25 Places to visit in Anuradhapura

Anuradhapura, Sri Lanka's first capital city, Even known as the Sacred City of Anuradhapura, is located in Northern Central Province, Sri Lanka. Anuradhapura is renowned for Archaeological sites, civilisation, food and attractions placed upon an iconic inheritance setting.

Anuradhapura is a sacred city founded in the 4th century B.C. It has been a UNESCO World Heritage Site since 1982 under the name of the Sacred City of Anuradhapura. The centre of Theravada Buddhism for many centuries. Theravada Buddhism is a fork of Buddhism resting on its faith's oldest written Buddhist text.

The city of Anuradhapura held the capital city for the ethnic Sinhalese society from the 4th century B.C. till the beginning of the 11th century A.D. It remained one of the most stable centres of political power in South Asia throughout this time.

This early city is considered sacred to the Buddhist world. The town plays religious significance because it retains a cutting from the 'tree of enlightenment, the Buddha's fig tree which, was carried in the 3rd century B.C. by Sanghamitta – the originator of an array of Buddhist nuns.

Artificial lakes extending along the horizon, stupas that touched the sky and performed as data communications, dwellings atop rocks decorated with elaborate sculpture, water gardens and futuristic settings of technologies and stargates are just a few construction festivals of the ancient Sinhalese.
Enhanced with Buddhism brought down from India approximately three thousand years before Sri Lankan technicians and artisans built unique breath-taking constructions in the ancient society. Formulated with bricks and carved with stones, these productions observed in the ancient city of Anuradhapura continues to astound the world. Here are some of the finest places to visit in Anuradhapura.

1. Jaya Sri Maha Bodhi tree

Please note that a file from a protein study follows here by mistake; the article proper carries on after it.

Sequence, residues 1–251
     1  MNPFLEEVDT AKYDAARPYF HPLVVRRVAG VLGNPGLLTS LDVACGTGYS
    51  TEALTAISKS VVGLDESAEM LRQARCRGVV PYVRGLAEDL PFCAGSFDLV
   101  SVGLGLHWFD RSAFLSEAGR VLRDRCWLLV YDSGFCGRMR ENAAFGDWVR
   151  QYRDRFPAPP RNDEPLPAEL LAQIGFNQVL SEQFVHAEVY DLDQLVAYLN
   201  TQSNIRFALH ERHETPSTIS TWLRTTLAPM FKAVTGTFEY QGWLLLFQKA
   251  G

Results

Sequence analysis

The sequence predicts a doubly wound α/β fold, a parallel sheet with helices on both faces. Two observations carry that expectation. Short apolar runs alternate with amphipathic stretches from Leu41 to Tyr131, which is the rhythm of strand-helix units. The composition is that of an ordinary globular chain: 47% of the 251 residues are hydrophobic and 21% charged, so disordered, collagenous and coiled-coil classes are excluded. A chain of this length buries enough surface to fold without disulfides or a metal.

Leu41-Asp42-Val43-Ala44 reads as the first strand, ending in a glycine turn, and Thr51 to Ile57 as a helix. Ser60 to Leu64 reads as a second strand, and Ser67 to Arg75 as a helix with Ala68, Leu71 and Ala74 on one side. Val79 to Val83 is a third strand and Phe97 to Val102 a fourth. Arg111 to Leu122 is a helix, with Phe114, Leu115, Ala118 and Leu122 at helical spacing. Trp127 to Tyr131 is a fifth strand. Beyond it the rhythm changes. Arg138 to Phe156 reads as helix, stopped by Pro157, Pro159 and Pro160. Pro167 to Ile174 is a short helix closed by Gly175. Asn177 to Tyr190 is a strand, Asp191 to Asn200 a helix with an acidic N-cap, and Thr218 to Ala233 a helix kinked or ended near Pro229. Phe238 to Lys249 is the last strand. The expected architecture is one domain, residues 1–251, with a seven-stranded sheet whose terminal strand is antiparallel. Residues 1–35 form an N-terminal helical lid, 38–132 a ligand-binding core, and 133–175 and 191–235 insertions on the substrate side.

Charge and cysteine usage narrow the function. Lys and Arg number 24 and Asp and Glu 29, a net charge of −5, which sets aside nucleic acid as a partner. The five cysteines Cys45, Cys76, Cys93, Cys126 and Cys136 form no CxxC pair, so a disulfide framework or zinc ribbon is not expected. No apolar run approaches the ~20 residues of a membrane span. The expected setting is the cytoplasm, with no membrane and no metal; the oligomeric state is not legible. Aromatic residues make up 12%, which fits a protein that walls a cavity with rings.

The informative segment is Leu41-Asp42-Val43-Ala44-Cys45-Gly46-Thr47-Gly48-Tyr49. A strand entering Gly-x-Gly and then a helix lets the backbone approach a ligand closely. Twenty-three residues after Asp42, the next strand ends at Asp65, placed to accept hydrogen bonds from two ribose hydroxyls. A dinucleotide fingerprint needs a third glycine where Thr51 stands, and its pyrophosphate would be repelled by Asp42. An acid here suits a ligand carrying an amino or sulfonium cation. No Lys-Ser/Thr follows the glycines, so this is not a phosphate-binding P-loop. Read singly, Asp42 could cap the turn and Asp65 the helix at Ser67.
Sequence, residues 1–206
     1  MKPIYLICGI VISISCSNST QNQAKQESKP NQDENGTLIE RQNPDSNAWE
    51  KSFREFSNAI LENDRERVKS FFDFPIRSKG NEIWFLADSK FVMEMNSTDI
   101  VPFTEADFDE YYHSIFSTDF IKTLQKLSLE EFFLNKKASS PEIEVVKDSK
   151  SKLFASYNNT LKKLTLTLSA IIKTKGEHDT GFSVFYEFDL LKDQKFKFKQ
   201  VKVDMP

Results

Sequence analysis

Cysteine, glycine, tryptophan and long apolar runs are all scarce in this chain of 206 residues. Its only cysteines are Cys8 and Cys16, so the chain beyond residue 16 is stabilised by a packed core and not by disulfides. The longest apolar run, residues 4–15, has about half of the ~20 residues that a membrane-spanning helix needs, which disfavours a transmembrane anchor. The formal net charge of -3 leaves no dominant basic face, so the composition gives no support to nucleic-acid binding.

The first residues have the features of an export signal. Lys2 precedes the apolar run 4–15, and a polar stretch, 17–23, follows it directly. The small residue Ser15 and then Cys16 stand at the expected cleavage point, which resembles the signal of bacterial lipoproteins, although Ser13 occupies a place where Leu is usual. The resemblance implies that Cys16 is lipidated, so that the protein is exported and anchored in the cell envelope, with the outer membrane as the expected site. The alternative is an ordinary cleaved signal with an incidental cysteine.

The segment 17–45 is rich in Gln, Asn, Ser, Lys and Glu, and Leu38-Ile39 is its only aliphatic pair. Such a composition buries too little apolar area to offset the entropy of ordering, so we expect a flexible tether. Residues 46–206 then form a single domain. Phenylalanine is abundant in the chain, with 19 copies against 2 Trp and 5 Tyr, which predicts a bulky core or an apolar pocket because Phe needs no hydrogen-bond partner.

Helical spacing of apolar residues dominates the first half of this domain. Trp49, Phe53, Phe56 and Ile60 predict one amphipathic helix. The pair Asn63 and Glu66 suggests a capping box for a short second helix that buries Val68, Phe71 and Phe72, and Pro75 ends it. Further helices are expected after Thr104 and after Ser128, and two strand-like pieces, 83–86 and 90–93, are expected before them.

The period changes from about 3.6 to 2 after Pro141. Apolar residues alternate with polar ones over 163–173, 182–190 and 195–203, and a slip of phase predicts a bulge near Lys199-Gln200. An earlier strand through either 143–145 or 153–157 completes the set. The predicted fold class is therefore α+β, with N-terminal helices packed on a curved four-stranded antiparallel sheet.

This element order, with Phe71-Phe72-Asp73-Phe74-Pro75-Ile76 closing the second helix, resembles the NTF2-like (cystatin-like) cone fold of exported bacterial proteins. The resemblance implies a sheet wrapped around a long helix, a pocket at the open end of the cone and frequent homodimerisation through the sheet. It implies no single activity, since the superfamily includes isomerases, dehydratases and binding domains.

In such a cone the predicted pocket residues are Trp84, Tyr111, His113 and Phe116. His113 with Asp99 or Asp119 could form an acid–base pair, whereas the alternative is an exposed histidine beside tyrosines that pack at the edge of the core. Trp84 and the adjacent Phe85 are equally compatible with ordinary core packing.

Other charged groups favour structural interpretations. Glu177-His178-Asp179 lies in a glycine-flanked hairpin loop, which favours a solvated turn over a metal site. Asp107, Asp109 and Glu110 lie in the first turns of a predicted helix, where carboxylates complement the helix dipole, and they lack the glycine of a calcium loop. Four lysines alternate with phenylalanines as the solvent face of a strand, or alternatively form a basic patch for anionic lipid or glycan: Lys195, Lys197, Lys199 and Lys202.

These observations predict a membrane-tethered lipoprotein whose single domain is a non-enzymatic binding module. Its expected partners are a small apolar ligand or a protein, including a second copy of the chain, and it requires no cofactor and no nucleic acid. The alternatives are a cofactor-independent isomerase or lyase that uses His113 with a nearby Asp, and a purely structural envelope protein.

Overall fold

Jaya Sri Maha Bodhi tree -AnuradhapuraUNESCO has determined the sacred city of Anuradhapura as a World Heritage. The preliminary analysis for the historical city of Anuradhapura to become a sacred city was the Jaya Sri Maha Bodhi.
According to the documented evidence, this sacred tree was located in the old Maha Megha Vana Royal Park in Anuradhapura in ‘Unduvap’ (December), 236 BC. The sacred Bodhi sapling has been ceremonially taken here by Arahant Sanghamitta Maha There, under the guidance of Arahant Mihindu Maha Thero. King Devanampiyatissa, who ruled Sri Lanka, has settled this Bodhi tree with royal pageantry in the Maha Megha Vana Royal Park devoted to the grand bhikkhus. The existing age of the Anuradhapura Jaya Sri Maha Bodhi is 2,247 years.
Therefore, the most beloved tree of the atmosphere with a written history is the Jaya Sri Maha Bodhi of Anuradhapura. More Details

2. Ruwanwelisaya Stupa

Ruwanwelisaya Stupa - Anuradhapura

Ruwanwelisaya Stupa is a sizeable white stupa that predates the Jetavanarama stupa by over 1000 years. King Dutugemunu, who became king after defeating King Elara, managed its construction in 161 B.C. Wistfully, he did not live long enough to view its achievement. The gleaming white building is pretty extensive, with a height of 91.4 meters and a perimeter of 290 meters. It is the second-highest stupa in Anuradhapura and remains an influential site of worship. More Details

3. Jetawanaramaya

Jetawanaramaya at Anuradhapura Sri lanka

Jetawanaramaya was built by King Mahasen (276-303 AC). King Mahasen was a follower of Mahayana Buddhism. Jetavanarama is unique because of its massive stupa. The premises where the Jetavanarama is located earlier referred to Nandana Park. It is the area where Thera Mahinda preached the Dhamma for seven continuous days. Concluded with all the structures required for a monastery, buildings here, in addition to those built by King Mahasen, had been constructed by Kitisirimevan (303-331 AC) and kings who worked him. More Details

4. Isurumuniya temple

Isurumuniya temple - Anuradhapura

The Isurumuniya Viharaya is located near Tisa Wewa in Anuradhapura. There is a Viharaya attached to a cave, and above is a rock. A small stupa is established on it. Isurumuniya is renowned for its stone carvings, and the one is recognised as Isurumuniya Lovers is the most-admired and world-famous. The different carvings are of the Horseman, Elephant Pond and the Royal Family.
The Isurumuniya Viharaya was built through the regime of Devanampiya Tissa, who ruled the ancient capital Anuradhapura. The Temple was created as a spiritual complex to house recently orientated monks.
Some consider Isurumuni lovers are a representative of Hindu Gods Shiva and Parvati. However, according to Dr Paranawithana, it is thought that it’s a depiction of Prince Saliya, son of King Dutugemunu and Asokamala, a poor woman whom the prince preferred over the throne.